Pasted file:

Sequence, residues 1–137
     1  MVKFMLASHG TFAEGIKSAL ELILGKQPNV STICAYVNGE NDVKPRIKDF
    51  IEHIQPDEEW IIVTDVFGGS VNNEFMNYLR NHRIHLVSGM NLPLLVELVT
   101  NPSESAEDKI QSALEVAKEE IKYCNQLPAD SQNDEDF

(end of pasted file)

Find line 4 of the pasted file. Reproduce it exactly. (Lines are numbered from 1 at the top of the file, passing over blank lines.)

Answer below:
   101  NPSESAEDKI QSALEVAKEE IKYCNQLPAD SQNDEDF